Richard Artschwager was born in 1923 in Washington D.C. and died in 2013 in Albany, New York. After receiving a BA in 1948 from Cornell University, New York, he studied under Amédée Ozenfant, one of the pioneers of abstraction. In the early 1950s, Artschwager became involved in cabinetmaking, producing simple pieces of furniture. After a catastrophic workshop fire at the end of the decade, he began making sculpture using leftover industrial materials; then expanded into painting, drawing, site-specific installation, and photo-based work.
This exhibition surveys the creative career of Richard Artschwager (b. 1923, Washington, D.C.–d. 2013, Albany, U.S.A), an artist who worked halfway between painting and sculpture and who developed a unique language using the new domestic materials of his time. This ambitious project, conceived by world-renowned curator Germano Celant and co-organized by the Guggenheim Museum Bilbao and MART – Museo di arte moderna e contemporanea di Trento e Rovereto, comprises almost 70 pieces alongside a selection of rarely-seen archival documentation.
Designed as an open labyrinth highlighting the main nuclei of Artschwager’s oeuvre, the exhibition features a comprehensive selection of paintings and sculptures dating from the early 1960s to the first decade of the 21st century: from his first wood and formica structures and paintings on Celotex to his nylon-bristle sculptures and “corner pieces,” including horsehair works and so-called blps, which the artist began making in 1968 and displaying individually or on a citywide scale. Artschwager, who had a crucial experience as a cabinetmaker at the beginning of his career, always worked toward the fusion of figuration and abstraction, artistic innovation and design, and ironically sought to combine the functional and the useless.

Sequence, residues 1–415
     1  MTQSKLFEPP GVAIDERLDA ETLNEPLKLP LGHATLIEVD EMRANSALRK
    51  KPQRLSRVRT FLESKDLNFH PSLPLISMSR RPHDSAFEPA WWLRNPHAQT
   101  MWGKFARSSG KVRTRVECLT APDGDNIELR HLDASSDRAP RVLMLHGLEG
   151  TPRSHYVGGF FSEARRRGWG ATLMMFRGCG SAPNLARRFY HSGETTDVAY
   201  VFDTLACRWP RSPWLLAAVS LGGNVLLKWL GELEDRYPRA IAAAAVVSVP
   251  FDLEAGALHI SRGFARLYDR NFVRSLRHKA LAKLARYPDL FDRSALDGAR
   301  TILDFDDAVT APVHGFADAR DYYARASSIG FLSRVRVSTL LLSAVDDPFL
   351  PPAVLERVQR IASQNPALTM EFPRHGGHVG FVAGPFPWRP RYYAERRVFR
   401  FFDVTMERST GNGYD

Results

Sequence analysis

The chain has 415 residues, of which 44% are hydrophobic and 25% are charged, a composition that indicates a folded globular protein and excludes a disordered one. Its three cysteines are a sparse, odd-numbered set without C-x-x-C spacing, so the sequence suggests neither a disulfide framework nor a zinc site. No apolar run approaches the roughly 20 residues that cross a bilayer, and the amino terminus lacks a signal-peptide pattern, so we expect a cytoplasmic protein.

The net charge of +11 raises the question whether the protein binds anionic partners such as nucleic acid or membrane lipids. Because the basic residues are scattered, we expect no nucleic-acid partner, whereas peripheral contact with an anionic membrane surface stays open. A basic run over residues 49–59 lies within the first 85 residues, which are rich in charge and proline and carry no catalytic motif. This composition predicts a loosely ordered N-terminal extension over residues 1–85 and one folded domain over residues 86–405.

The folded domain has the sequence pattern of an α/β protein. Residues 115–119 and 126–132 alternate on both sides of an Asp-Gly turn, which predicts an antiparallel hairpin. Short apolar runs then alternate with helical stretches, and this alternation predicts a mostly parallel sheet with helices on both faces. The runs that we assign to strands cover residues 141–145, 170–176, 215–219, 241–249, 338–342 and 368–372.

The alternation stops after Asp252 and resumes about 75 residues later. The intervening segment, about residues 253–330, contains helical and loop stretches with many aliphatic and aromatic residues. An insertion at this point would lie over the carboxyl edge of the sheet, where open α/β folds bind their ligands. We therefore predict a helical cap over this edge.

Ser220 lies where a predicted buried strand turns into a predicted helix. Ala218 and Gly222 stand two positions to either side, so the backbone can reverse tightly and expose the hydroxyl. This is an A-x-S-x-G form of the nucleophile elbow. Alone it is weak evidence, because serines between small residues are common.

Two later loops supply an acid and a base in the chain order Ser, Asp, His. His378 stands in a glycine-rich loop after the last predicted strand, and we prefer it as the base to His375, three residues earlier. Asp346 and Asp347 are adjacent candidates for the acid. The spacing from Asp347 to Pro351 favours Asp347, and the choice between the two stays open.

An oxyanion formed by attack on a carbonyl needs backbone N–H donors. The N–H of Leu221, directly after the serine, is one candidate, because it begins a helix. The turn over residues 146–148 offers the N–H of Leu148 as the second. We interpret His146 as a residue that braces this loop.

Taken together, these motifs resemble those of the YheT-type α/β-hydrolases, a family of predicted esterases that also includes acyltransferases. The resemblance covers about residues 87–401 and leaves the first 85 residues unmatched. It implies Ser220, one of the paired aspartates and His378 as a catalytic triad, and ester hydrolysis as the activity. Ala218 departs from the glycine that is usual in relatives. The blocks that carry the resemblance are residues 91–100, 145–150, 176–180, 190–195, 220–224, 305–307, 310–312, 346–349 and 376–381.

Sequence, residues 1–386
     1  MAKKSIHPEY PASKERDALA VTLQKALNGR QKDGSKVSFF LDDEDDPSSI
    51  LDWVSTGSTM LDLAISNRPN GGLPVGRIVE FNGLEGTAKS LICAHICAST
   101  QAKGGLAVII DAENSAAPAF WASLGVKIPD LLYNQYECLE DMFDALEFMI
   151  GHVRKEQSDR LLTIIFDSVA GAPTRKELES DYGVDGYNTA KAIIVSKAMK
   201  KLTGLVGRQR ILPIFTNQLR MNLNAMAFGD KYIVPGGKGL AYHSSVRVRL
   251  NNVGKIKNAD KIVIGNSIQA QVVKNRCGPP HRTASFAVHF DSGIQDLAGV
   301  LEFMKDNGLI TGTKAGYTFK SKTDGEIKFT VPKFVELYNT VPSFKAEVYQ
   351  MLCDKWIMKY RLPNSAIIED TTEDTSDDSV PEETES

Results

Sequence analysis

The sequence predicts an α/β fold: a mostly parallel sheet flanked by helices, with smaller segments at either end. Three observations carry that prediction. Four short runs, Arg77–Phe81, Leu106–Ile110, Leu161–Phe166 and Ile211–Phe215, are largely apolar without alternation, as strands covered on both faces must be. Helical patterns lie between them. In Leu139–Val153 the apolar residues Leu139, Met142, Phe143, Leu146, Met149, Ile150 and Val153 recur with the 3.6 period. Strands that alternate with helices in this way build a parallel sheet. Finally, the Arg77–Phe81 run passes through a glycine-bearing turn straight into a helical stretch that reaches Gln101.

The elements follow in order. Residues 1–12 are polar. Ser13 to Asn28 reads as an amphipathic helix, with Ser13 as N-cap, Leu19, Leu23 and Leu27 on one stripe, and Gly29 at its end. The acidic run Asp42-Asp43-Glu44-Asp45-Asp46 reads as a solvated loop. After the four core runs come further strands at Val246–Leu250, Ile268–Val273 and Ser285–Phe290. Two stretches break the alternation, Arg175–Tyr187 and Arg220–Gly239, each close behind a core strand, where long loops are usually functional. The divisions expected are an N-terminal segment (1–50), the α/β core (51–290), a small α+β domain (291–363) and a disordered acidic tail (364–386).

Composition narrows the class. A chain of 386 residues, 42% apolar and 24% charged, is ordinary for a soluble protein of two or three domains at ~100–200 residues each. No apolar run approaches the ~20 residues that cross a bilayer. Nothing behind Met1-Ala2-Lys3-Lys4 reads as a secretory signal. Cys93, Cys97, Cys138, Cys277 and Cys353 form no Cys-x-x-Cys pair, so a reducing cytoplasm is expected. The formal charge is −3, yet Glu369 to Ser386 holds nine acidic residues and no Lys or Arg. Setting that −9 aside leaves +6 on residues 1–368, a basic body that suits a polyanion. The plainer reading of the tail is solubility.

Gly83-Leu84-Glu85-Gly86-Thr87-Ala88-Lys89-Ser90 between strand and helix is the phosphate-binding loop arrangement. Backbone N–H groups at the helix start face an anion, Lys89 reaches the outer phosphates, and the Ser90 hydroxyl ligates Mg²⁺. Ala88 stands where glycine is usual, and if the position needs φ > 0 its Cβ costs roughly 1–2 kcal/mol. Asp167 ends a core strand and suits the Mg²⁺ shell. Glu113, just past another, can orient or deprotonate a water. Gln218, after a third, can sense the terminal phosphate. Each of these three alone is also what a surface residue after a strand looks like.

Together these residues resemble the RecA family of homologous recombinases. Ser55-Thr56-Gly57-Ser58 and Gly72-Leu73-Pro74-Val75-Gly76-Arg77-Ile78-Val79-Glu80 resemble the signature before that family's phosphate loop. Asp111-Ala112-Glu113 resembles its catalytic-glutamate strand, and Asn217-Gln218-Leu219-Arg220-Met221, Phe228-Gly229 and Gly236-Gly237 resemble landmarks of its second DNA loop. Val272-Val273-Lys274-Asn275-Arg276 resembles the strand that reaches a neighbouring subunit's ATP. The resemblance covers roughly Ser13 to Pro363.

With the paintings and sculptures of a long and varied career, Artschwager plots a distinctive course between handcraft and industrialization, encompassing space as well as the objects and beings that inhabit it. He represented places, scenes from everyday life, and common objects such as tables, chairs, and dressers, interpreting them in ordinary, standardized industrial materials such as formica, Celotex, acrylic paint, and rubberized horsehair. He also explored pure geometric form, particularly in his sculptures, venturing into abstraction and solid figures evoking a sense of pictorial illusionism. Stylistically, Artschwager purposely maintained a characteristic ambivalence, challenging the iconographic dogmatism of tendencies (like Pop Art and Minimal Art) that claimed to be antithetical. Rather than allowing any conflict between schools, he practiced a synthesis that included all the elements, however different, and held them together. “What interests me, he declared, is above all the line of demarcation between ordinary things and the ones we recognize as objects of art.”
Artschwager’s work continually questions appearance and essence, venturing into the realms of ontology, epistemology, and aesthetics with wit and intelligence. It offers us a delicate and realistic, humorous yet monumental interpretation of the world.
Door }, 1983-84
Acrylic and lacquer on wood and glass, metal, two parts
207.6 x 165.1 x 24.8 cm
Collection Kerstin Hiller and Helmut Schmelzer, on loan to Neues Museum Nürnberg
Photo: Annette Kradisch
© Estate of Richard Artschwager, VEGAP, Bilbao, 2020